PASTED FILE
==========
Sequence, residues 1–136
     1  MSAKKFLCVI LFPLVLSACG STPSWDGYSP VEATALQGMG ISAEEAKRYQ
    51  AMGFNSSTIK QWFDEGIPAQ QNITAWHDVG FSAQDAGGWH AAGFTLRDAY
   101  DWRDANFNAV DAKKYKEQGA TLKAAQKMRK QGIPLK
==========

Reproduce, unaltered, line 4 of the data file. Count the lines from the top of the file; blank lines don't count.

   101  DWRDANFNAV DAKKYKEQGA TLKAAQKMRK QGIPLK